According to the report, a former St. HOPE official told investigators that Rhee – at the time a St. HOPE board member – did “damage control” after learning of a sexual misconduct allegation against Johnson. The report does not specify whether it was referring to the allegation by the Hood Corps member.
Jacqueline Wong-Hernandez told investigators she notified Rhee of an allegation against Johnson and was told by Rhee that she was “making this her number one priority,” the report states. Soon after, the report says, Wong-Hernandez learned Johnson’s attorney had contacted the person who made the allegation.
After reviewing Walpin’s evidence, Lawrence G. Brown, then acting U.S. attorney for Sacramento, determined there was no criminal wrongdoing by Johnson or St. HOPE, and agreed to a civil settlement in which they would repay $400,000 in grant money.
The congressional report concludes that decision came because of “mounting political pressure.”
Walpin said Friday that he believes Brown should have convened a grand jury.
“I have no reason to believe that they did a thorough investigation of all of the allegations,” Walpin said. “I was a former prosecutor, and I know that every time I received a referral from a government agency ... I would use a grand jury in order to determine the facts, both to protect the government’s interests and the defendant’s interests.”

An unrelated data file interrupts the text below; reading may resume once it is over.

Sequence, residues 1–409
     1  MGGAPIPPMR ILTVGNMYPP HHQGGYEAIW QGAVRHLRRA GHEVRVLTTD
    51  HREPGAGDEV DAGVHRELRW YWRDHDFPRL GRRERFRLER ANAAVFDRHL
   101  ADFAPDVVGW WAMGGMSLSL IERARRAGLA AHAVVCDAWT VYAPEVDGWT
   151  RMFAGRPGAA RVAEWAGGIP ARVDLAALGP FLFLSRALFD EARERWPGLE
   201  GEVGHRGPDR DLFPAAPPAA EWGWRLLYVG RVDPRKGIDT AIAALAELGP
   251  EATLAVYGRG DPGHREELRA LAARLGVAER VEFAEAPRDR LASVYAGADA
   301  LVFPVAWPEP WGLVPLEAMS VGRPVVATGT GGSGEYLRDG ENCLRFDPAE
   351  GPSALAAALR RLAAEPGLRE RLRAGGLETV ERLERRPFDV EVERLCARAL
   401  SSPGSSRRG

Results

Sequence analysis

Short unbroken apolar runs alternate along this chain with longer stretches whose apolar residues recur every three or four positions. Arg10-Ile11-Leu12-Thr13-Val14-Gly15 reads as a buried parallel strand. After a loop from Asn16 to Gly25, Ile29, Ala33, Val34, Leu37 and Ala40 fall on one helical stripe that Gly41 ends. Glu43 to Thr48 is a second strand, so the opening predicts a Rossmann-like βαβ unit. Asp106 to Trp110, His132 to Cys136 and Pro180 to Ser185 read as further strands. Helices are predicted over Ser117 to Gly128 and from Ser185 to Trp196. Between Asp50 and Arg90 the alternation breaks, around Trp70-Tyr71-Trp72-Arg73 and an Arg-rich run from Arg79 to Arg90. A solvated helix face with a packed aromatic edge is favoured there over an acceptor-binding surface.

Instead, Brown asked for a federal investigation of Walpin for allegedly overstepping his authority, withholding key information from his report and engaging in a media campaign about his findings.
That review by the Council of the Inspectors General on Integrity and Efficiency determined last month that Walpin had done nothing improper.
By then, however, Walpin had been fired. He has since filed a federal lawsuit seeking to be reinstated.
On Friday, Benjamin Wagner, the newly installed U.S. attorney in Sacramento, defended the way the case had been handled.
“The referral was thoroughly reviewed by experienced career attorneys in this office, and it was determined that criminal prosecution for violations of federal law was not warranted,” he said. “Nothing in the report issued today affects our view that the matter was handled appropriately by this office.”